Argentine IMF experience holds lessons for Ireland

Ireland in December 2010 shows many analogies with Argentina in December 2001, when it was bailed out by the IMF. This phase of negotiations cost Argentina dearly; riots, deaths, banking collapse and frozen accounts (the notorious "Corralito"). The peso was all but destroyed with 75% depreciation and this lead to the largest sovereign default in the history of modern finance.

[This article is part of the BudgetJam series on Politico. Photograph by Hilary Quinn]


Dumbing Down: The IMF and Education

Contrary to the optimistic view circulating in some media circles that the IMF 'bailout' 'will save us,' this piece looks at the kinds of things that happen when institutions like the IMF and its (ugly) sister institution, the World Bank, come in to 'assist' 'cash-strapped' countries.

On Tactics & The City

In London recently I witnessed an evolution in the tactics of demonstrations. For the first time in my life I saw a demonstration tactically out-manoeuvre the police. Anyone who has attended a demonstration in recent years will be familiar with the police tactic of 'kettling' – where the police, using lines of enormous, armed and armoured riot police, herd protestors into a contained area for hours, until eventually they allow individuals to leave, cold, hungry and exhausted, and finally round-up and arrest anyone hardy enough to stay put.

A Global Justice Perspective on the Irish EU-IMF loans: Lessons from the Wider World

The following is taken from Debt and Development Coalition Ireland's publication 'A Global Justice Perspective on the Irish EU-IMF Loans: Lessons From the Wider World'.

This document outlines lessons from the global debt justice movement in responding to debt crises, provides a background to the Irish EU-IMF loans (up to the 28 November 2010 - before the loan documents were made public), and offers some recommendations from DDCI based on these lessons from our work. It also flags up recommendations from other groups.

Irish Penal Reform Trust: Cuts and Crime

In the Irish Penal Reform Trust's Budget Submission 2011 (perhaps "statement" would be better, as "submission" implies there is some sort of deliberative process going on!), we throw another dimension of the current crisis into the mix: the consequences of our budgetary decisions on crime and its associated costs.

The Strange Temporality of Cowen's Back to the Future

There is a strange temporality at play in the government's attempts to comfort its people. In advance of the bailout plan's revelation, people repeatedly suggested that they were worried about the future, about what the plan would actually mean on a day-to-day basis. Fianna Fáil sought to give confidence by spinning the entire mess 'in the best of all possible lights'. However, the manner of this spin is remarkable because of its bare-faced nature.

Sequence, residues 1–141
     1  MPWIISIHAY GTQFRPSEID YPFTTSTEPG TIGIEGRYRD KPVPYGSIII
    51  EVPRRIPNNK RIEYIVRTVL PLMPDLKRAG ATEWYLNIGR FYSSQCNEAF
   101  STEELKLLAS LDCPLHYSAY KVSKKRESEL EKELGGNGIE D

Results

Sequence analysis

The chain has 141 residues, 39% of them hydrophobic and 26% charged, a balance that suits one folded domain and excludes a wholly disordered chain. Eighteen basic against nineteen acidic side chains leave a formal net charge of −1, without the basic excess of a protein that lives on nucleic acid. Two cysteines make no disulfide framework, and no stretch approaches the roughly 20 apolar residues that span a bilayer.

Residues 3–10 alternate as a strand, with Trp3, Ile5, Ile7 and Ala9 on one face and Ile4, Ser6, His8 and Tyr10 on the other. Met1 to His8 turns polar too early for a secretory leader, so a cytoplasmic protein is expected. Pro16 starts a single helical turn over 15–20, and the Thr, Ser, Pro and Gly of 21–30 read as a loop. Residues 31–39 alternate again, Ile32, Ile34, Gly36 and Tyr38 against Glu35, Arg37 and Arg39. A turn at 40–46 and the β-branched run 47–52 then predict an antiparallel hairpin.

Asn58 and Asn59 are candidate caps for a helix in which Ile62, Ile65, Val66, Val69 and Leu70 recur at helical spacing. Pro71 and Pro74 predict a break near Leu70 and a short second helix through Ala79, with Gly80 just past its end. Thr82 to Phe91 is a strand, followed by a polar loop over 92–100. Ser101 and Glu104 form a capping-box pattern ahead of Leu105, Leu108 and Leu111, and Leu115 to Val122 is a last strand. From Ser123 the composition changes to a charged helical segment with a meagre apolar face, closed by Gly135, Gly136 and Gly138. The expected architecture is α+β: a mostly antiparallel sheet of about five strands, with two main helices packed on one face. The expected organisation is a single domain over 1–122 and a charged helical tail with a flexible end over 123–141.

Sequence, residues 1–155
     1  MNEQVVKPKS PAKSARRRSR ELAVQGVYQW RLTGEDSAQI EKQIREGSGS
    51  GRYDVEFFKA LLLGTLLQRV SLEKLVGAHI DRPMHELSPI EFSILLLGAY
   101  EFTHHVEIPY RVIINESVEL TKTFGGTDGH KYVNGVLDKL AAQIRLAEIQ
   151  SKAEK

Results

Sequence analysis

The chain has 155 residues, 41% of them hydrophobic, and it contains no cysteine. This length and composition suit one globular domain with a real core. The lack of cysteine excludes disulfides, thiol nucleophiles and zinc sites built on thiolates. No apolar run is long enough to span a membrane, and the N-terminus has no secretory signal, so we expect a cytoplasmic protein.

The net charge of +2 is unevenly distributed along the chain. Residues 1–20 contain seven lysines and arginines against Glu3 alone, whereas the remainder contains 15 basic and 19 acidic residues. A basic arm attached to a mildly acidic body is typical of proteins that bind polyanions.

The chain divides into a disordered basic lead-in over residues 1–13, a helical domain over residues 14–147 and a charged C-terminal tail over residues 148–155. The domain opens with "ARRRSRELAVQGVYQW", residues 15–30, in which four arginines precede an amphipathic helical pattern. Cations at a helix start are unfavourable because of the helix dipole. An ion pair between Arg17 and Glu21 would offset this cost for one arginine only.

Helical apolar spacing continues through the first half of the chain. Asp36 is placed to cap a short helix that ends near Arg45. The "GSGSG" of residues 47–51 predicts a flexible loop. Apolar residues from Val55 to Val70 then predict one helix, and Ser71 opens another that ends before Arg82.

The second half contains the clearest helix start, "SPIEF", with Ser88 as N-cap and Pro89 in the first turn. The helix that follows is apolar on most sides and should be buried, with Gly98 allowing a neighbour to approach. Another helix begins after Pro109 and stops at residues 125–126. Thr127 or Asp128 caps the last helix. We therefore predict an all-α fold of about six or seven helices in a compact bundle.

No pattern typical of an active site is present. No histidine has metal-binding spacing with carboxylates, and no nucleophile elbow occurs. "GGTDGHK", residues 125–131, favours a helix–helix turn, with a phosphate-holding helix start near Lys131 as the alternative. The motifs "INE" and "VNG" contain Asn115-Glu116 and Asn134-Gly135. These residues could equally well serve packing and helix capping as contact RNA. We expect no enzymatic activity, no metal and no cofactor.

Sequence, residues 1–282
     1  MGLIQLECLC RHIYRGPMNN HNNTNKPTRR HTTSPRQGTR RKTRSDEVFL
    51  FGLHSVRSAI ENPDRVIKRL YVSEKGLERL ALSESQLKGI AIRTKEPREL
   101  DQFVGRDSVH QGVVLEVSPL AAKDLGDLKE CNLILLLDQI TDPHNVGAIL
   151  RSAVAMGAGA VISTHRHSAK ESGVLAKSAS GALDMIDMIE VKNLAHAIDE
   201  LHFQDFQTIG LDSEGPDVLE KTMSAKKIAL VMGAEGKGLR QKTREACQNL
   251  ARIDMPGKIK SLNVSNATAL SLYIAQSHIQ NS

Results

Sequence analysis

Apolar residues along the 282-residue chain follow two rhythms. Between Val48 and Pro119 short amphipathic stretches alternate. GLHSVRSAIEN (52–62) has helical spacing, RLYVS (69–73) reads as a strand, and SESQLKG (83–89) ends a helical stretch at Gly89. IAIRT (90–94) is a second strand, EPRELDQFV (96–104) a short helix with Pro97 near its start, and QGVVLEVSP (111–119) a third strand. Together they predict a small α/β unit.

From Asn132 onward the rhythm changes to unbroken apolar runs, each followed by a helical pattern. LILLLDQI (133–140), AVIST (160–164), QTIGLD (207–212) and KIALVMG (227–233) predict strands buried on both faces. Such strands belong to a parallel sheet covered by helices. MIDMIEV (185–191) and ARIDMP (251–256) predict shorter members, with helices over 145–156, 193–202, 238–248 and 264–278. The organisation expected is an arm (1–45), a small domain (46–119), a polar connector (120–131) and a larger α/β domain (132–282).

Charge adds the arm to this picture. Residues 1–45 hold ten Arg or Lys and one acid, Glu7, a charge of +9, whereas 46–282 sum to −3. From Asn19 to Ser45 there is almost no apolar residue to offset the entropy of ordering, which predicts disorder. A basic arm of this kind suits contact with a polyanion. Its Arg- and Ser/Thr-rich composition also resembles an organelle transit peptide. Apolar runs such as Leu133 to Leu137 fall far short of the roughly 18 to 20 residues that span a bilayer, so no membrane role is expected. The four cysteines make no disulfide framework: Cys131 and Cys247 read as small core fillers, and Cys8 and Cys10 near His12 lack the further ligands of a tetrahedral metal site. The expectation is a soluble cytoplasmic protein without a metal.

Another society is not only possible - it is necessary

Here is an open letter in response to the Claiming Our Future event that was held in the RDS on 30 October. It was sent to us by Mark Malone and put together by students on the Community Education, Equality and Social Activism MA programme in NUIM.

(Mis)educating our nation’s youth

Have you ever wondered why complex political-economic ideologies and policies, such as neo-liberalism, which present gross economic and social and inequalities as inevitable, necessary or even desirable can be so palatable to so many, such that those on the left are so readily cast and perceived as ‘loonies’? The following nuggets of wisdom, which ‘explain’ global inequalities, ‘underdevelopment’ and poverty, are taken from second-level textbooks currently being used in an Irish context.

Other people's pain

Our politicians and our media are never so noble as when they're talking about other people's pain.

Every time we hear a minister, an economist or a journalist talking about the economic catastrophe, we hear them talk about the pain to be suffered by the tax-payer. We should listen carefully to the language they use, because language has a way of turning things into reality.

Human rights and ‘Sharing the Pain’

Amidst all the current mainstream rhetoric about sharing the burden of our 
economic crisis, there’s been a striking lack of discussion about the 
limits of the pain that can be offloaded on the worst-off. Ireland’s
 obligations under international human rights law are very relevant here,
 but seem to be missing in action at the moment. What follows are a few 
suitably po-faced and technical legal points: read at your own risk!